Why do some friendships survive and others die?
At first, I thought the problem lay with the first part of Seneca's equation: the judging. Perhaps I'd judged poorly and made friendships with people I wasn't compatible with in the long run. But the more I reflected on this the less true it seemed. It was too easy of an answer. If I'm comfortable with that thought, I'm basically saying that the friendships were doomed in the first place and, oh well, nothing I can do about it now. And as I already said, even in the friendships that fell apart there was a reason we became friends in the first place. Sure, not all friendships last forever, I realize that. But what could have caused me to become so antithetic towards former friends?
Seneca's advice on choosing friends wisely is theoretically sound. But it's also difficult in practice. At no point in my life have I said to myself, "I've decided I know this person enough to call them my friend, so I won't censor myself around them anymore. I will open up to them fully and completely." Human beings just aren't that rational. What usually happens is I gradually feel more comfortable around someone and I like who they are and I like spending time around them. Eventually at some fuzzy grey point in time they go from "someone I know who I'd like to be friends with" to a place of psychic intimacy, without me realizing it until after the fact.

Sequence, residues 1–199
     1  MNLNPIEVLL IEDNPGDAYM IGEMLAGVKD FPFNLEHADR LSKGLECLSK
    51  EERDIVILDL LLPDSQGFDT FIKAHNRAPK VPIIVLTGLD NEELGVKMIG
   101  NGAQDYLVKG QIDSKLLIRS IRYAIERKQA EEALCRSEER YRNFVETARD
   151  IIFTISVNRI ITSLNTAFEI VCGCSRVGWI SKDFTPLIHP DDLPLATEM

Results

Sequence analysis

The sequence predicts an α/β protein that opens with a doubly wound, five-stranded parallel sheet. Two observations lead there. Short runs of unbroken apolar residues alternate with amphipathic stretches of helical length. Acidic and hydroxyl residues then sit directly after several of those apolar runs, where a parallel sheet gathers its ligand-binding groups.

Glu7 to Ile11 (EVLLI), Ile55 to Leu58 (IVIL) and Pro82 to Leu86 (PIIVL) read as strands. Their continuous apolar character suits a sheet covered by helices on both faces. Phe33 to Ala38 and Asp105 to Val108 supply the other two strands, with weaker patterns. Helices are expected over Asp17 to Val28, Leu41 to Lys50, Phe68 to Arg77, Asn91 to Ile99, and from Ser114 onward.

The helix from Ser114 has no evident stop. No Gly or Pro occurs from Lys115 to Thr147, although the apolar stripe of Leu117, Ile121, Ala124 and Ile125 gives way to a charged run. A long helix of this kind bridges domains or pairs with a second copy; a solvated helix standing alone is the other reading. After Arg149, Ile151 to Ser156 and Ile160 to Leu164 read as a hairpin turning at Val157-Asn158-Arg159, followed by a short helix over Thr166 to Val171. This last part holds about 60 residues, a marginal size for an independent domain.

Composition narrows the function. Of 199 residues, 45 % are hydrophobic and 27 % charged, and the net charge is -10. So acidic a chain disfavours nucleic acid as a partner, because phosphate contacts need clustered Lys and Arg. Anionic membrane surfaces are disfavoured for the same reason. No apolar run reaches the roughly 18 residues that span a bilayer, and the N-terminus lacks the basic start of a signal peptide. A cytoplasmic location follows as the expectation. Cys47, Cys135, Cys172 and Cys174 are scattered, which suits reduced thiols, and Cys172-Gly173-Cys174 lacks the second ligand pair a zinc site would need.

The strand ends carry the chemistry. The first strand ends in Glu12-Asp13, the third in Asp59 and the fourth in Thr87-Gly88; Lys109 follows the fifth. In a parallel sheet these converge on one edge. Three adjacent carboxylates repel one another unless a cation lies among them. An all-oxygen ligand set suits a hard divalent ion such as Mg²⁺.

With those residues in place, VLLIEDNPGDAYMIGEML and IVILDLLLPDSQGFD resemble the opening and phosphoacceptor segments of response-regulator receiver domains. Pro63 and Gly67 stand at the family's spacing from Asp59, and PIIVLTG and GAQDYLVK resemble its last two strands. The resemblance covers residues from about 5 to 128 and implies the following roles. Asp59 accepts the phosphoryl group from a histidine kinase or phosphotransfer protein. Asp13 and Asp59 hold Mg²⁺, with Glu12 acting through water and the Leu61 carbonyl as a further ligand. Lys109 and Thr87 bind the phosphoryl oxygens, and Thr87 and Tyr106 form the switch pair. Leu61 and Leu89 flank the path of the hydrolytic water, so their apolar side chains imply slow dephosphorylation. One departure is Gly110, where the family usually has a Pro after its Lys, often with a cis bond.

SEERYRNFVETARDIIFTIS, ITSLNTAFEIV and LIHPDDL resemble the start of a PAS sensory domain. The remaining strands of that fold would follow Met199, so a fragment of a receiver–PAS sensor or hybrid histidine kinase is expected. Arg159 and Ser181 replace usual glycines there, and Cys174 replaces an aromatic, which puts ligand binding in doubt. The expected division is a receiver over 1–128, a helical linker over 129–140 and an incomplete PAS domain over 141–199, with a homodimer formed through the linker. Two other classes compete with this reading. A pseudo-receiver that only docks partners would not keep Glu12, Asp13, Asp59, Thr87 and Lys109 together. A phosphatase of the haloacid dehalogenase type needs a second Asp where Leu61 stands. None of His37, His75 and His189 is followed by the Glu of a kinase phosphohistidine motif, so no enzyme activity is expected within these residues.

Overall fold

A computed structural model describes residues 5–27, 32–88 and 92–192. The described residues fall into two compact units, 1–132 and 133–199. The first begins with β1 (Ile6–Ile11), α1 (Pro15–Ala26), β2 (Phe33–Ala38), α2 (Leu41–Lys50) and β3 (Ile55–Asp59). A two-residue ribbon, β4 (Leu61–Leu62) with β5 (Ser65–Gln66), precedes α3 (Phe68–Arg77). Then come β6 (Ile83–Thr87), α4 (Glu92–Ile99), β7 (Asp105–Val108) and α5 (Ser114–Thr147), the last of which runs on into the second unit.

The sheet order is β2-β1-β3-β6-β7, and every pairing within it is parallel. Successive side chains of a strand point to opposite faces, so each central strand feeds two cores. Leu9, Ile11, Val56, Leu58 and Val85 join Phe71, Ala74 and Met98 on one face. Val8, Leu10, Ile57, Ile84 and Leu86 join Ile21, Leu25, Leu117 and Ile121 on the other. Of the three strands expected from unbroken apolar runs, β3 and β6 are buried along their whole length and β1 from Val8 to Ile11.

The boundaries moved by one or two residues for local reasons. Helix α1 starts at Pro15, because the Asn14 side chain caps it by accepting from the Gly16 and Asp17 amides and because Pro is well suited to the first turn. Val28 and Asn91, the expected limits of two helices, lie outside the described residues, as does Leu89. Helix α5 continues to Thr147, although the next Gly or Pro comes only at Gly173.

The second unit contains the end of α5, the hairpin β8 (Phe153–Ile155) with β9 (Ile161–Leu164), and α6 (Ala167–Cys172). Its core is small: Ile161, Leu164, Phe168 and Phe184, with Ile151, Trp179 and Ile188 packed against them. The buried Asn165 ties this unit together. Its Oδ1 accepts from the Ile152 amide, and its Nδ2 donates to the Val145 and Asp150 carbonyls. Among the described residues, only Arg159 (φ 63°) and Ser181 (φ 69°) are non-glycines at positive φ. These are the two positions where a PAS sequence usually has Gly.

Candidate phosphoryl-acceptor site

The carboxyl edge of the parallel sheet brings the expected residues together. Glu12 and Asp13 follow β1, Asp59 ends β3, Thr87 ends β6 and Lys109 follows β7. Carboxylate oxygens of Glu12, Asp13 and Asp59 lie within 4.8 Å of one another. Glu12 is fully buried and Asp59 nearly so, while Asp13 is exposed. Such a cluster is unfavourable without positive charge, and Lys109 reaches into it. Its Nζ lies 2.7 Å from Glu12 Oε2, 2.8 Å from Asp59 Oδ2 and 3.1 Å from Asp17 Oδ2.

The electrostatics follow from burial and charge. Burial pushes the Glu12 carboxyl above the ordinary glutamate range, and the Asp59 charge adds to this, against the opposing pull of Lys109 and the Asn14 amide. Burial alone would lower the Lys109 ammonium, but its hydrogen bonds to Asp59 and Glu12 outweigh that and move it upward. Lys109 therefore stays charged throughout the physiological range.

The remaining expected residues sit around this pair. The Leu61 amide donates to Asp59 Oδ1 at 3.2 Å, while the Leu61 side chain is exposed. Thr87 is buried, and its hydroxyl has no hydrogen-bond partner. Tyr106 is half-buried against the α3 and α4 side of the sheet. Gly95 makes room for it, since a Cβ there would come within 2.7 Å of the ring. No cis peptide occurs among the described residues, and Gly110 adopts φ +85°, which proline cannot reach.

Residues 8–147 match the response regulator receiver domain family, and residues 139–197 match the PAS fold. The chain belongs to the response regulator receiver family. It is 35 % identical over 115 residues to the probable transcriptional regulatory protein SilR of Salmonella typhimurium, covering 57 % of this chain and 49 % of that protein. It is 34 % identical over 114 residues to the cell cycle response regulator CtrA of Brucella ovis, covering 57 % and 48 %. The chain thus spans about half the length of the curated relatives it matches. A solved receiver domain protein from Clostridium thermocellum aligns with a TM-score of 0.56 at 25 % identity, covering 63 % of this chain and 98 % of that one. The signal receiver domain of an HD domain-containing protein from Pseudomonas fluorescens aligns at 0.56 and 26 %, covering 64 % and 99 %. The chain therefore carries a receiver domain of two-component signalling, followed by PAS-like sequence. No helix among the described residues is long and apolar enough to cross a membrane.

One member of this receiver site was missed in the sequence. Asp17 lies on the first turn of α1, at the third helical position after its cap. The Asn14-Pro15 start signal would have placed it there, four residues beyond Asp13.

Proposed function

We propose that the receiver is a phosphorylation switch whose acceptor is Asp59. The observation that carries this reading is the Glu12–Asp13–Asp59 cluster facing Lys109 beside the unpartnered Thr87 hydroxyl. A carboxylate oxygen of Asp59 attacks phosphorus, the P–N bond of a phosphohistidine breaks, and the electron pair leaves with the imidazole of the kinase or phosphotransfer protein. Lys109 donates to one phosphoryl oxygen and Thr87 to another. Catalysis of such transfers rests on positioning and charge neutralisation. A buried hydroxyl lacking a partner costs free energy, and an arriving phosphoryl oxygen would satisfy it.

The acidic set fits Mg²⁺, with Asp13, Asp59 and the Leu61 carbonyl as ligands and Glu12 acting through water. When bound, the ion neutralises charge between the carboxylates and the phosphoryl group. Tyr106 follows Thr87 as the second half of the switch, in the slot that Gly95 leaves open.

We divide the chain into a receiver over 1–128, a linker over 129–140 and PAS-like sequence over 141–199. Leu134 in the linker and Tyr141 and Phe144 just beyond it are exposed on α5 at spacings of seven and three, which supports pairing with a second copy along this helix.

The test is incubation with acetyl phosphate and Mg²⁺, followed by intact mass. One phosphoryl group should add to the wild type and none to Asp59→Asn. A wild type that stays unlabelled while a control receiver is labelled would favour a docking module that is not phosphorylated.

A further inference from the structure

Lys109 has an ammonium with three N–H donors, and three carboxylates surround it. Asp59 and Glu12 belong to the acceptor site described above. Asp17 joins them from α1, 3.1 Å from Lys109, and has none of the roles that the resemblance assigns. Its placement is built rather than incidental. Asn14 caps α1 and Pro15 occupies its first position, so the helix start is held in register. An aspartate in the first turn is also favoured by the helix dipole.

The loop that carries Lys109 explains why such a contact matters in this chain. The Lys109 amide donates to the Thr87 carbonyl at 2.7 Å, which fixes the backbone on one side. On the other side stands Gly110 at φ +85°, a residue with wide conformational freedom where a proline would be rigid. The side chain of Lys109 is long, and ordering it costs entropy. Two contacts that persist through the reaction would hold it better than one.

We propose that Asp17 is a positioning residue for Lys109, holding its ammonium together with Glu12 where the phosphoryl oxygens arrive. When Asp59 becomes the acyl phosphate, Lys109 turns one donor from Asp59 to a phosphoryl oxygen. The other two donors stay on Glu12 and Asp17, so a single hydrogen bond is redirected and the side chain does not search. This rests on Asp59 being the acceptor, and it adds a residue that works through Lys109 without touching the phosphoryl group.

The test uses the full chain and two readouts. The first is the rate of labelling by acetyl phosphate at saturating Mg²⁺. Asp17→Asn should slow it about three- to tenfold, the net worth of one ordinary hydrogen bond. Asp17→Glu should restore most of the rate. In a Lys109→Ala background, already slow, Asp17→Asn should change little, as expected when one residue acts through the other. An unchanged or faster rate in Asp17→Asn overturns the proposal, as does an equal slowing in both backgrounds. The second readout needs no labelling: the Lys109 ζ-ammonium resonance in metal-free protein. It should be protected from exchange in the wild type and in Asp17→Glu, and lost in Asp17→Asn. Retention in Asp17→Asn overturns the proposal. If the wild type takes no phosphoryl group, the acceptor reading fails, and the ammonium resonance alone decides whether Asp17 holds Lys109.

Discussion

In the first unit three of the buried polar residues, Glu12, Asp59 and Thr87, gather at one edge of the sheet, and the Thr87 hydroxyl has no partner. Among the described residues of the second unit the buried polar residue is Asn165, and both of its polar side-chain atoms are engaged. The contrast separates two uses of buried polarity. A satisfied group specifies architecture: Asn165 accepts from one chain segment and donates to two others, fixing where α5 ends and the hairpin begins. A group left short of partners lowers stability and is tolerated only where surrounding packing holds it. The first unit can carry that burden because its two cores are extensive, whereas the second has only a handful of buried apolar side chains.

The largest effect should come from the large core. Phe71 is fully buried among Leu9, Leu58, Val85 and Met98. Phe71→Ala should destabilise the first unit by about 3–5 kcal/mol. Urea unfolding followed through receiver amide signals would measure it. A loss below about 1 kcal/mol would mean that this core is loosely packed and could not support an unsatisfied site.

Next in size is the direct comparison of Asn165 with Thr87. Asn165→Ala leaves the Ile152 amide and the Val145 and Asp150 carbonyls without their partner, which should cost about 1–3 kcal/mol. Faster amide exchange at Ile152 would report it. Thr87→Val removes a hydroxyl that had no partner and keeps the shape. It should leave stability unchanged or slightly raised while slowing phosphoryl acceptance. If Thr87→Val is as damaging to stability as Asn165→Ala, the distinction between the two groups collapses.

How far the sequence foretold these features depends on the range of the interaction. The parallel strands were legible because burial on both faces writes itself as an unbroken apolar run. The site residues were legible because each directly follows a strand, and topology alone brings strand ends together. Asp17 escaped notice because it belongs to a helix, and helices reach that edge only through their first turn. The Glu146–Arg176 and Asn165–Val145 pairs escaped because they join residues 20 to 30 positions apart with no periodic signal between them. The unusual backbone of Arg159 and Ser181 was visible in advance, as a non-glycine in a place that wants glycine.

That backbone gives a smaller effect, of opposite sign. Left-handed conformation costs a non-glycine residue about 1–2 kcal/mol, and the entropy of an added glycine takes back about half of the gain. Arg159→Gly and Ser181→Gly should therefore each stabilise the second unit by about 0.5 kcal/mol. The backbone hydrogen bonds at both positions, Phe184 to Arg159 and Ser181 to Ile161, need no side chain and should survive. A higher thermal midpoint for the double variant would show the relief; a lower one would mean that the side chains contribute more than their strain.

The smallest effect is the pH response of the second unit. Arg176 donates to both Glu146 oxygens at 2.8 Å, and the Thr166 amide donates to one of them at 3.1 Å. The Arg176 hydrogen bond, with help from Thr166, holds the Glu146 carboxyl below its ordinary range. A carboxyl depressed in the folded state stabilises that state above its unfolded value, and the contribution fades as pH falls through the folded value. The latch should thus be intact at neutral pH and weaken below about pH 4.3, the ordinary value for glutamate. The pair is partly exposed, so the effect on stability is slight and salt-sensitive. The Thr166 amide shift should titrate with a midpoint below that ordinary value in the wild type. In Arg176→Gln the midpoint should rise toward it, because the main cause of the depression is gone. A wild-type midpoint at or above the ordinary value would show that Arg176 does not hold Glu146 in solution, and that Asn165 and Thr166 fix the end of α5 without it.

I am for now decided then that the judging was not the problem, and ultimately that rationally judging our friends doesn't really even work at all anyway. We decide who we admit into our sphere of friends emotionally, not logically.
As I reflected on my history with a couple of these former friends I realized the answer lay in the second part of Seneca's description of friendship, to "welcome him heart and soul, and speak as unreservedly with him as you would with yourself." In each of the cases I thought of, there had been a point where, for various reasons, I began to hide certain feelings or thoughts, particularly about things I was upset about or didn't agree with.
I stopped being honest.
For example, with one friend I didn't tell him that I hated hanging out with another one of his friends he had started to always bring along with him. In another case I didn't tell the friend in question that a certain aspect of his behavior annoyed those around him (me included) and that many of the people who knew him complained about him and his behavior behind his back.
Perhaps telling them this would have made for an awkward conversation. Maybe the ensuing confrontation would have killed the friendship. But the lack of honesty killed the relationship anyway, and much more surely.